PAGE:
Innovation for a New Generation
In Schmitz’s work as an instructor, he’s fostering an innovative mindset in a new generation of package engineers — along with the help of AssurPack CEO, Nancy Warner. Under Schmitz’s instruction, senior-year packaging majors undertake a semester-long project where they apply the Stretch, Step & Leap method to solve real-world problems.
Though not all the senior projects are cannabis-focused, a recent group chose to explore the future of cannabis package design. Warner served as a consultant for the child-resistant design aspects of their project.
In their futuristic conception of a “Leap,” the students sought to standardize medical marijuana dosing with intelligent packaging that weighed the remaining contents of the product. The package would report the consumption rate to a doctor via a smartphone app, and arrange for refills as needed.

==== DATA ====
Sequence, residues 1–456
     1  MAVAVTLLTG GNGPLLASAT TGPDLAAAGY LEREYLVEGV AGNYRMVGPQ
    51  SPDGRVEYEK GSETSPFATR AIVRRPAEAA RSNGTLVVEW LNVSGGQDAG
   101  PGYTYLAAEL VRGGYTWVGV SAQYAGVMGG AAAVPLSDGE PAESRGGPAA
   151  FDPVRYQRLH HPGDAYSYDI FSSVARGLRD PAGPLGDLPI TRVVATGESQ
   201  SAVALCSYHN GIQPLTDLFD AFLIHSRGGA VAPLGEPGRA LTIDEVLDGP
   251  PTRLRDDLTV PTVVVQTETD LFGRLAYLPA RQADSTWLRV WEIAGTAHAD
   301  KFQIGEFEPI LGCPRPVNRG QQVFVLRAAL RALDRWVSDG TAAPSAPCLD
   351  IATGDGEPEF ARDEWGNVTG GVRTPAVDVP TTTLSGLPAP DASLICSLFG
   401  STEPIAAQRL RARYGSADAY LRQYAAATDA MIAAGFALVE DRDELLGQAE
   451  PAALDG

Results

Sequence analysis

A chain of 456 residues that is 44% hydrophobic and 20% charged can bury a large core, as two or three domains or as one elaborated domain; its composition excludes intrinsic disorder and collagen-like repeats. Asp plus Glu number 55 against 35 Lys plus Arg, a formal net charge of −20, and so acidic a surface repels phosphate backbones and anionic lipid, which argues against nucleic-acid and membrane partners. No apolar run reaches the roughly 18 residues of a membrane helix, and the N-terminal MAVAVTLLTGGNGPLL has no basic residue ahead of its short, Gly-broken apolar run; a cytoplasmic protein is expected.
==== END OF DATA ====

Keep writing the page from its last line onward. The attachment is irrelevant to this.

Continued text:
The design is a lofty conception of cannabis dosing, which is often an inexact science. Though it may not prove to be a feasible design, the student’s intention exemplifies planning for the future, a hallmark of Schmitz’s approach.
“Innovation is a process, a mission,” says Schmitz. “It’s the creativity of putting multiple areas together to help customers.”
The cannabis industry is doing just that — bring together multiple areas of commerce and knowledge together to revolutionize the culture of recreational and pharmaceutical drugs.
And as the industry discovers new needs for consumer safety and convenience, it seems a new generation of packaging professionals will be there to fill them.